It seems like each time I turn on the news, I hear about extreme weather ravaging our planet — tornadoes, tsunamis, earthquakes, wildfires and hurricanes. But when current events seem bleak, I regain hope when I hear stories like the ones highlighted on CNN Heroes. The show features inspiring stories of everyday people doing extraordinary things to change the world. These individuals saw problems in their communities and took steps to fix them. Their individual actions had global impact.
I was particularly amazed by Afroz Shah, a lawyer and environmental activist who organized the world’s largest beach clean-up project in Mumbai. He quickly realized it would be difficult for one man to clean up a beach covered by a layer of garbage over five feet thick and began recruiting others to help. Over a period of three years, he spent more than 200 weekends picking up trash and motivated more than 200,000 volunteers to join his efforts. Shah shared his personal journey with others and created a movement that has inspired people around the world to clean up their surrounding environment.
A large component of keeping the beach clean involves education, so he travels to nearby coastal communities, where he tells residents about the repercussions of dumping trash (mainly plastics) into the river, which flows into the ocean. In addition, he equips them with the knowledge and resources to start recycling. Twice a week, Shah also visits schools and colleges, where he is creating the environmental leaders of tomorrow.
Shah’s story, and others highlighted in the CNN Heroes series, demonstrates how one person can make a huge impact on the world. I had this in mind when I traveled to Hyderabad, India, last week to speak at the Seventh International Conference on Transformations in Engineering Education (ICTIEE 2020). In my keynote, I asked each of the 500 faculty in attendance to think about the difference they could make if, throughout their careers, they each inspired 30 students to build a better world. If each of these students then went on to influence 30 more people and the pattern continues, then in just five generations, these faculty members will have collectively impacted over 12 billion people around the world. As individuals, we all have the potential to make a meaningful difference in the future of our planet.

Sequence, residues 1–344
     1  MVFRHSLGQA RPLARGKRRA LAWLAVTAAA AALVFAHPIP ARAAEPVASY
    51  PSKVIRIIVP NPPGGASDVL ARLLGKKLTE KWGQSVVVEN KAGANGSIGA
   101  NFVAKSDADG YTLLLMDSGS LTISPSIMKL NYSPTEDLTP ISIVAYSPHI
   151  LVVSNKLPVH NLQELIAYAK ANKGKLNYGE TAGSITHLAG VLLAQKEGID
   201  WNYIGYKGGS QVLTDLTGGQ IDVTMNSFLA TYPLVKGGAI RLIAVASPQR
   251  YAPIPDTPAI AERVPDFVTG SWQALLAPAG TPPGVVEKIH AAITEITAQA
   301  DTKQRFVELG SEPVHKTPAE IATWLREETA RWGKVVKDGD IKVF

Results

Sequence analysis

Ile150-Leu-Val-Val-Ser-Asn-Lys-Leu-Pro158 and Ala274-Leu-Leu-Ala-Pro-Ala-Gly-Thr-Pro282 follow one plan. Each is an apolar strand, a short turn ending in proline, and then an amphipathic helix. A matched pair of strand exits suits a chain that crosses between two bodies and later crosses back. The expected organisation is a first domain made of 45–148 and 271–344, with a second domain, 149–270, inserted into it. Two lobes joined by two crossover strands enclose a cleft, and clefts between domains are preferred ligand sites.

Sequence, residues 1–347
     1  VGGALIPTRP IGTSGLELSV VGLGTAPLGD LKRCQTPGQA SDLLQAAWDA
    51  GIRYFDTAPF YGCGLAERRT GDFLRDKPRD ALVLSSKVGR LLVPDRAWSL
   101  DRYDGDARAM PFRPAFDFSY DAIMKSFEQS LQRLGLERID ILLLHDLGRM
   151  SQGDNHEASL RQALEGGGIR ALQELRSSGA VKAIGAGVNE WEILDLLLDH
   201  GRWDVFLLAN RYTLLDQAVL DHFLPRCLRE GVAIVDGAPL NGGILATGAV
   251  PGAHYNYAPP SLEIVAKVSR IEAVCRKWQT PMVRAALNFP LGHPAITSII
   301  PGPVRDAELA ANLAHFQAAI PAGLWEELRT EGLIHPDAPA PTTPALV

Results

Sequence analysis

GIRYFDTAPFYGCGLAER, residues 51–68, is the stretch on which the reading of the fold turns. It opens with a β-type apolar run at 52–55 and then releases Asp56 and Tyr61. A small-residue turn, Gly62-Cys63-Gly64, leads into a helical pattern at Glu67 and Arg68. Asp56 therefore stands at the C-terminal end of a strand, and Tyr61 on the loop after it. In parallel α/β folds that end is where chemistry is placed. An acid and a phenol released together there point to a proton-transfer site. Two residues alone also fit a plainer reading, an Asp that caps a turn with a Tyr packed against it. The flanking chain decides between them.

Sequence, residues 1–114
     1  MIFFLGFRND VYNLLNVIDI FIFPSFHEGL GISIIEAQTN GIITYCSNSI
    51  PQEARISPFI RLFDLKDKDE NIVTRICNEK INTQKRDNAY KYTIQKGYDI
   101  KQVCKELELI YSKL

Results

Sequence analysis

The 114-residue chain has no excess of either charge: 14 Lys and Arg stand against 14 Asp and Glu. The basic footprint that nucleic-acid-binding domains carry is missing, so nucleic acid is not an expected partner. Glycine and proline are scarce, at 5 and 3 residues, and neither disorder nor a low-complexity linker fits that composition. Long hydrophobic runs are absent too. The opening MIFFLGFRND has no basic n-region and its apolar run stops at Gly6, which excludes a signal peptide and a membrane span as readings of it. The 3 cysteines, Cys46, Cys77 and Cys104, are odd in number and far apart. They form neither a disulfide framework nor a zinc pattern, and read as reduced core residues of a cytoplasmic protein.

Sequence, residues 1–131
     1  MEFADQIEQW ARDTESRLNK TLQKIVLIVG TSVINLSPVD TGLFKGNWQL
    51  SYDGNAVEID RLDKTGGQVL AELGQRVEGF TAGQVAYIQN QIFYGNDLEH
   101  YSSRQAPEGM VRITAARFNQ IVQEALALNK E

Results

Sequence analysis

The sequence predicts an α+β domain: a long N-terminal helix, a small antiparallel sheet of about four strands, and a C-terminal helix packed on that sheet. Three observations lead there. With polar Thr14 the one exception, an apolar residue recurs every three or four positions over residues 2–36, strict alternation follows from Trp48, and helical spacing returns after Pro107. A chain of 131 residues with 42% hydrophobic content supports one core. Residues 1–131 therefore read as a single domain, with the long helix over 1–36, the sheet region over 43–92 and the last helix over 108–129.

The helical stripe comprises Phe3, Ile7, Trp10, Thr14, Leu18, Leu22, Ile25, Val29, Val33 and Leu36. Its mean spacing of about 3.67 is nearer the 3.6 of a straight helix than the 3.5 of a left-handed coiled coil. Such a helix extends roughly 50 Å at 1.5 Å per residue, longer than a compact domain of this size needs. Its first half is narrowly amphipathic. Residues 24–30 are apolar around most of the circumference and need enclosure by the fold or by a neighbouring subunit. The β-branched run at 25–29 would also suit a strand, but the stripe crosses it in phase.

The extreme natural disasters we’ve recently experienced are undeniably exacerbated by pollution, greenhouse gas emissions and other climate issues for which we need better solutions. Educators play a central role in molding their students into global citizens. As you fulfill your responsibility to teach them the fundamentals, you also have an opportunity to inspire them to solve the many complex challenges facing our planet today.
As CEO and Executive Director of ABET, I view one of our main roles as inspiring confidence in those who aim to build a better world — one that is safer, more efficient, more comfortable and sustainable. As accreditors of college and university STEM programs, we ensure that students around the world have the quality education they need to take on the many global challenges we face. The good news is that today’s generation of students wants to act — and this is why I have faith that the next generation and the ones that follow are going to change the world for the better.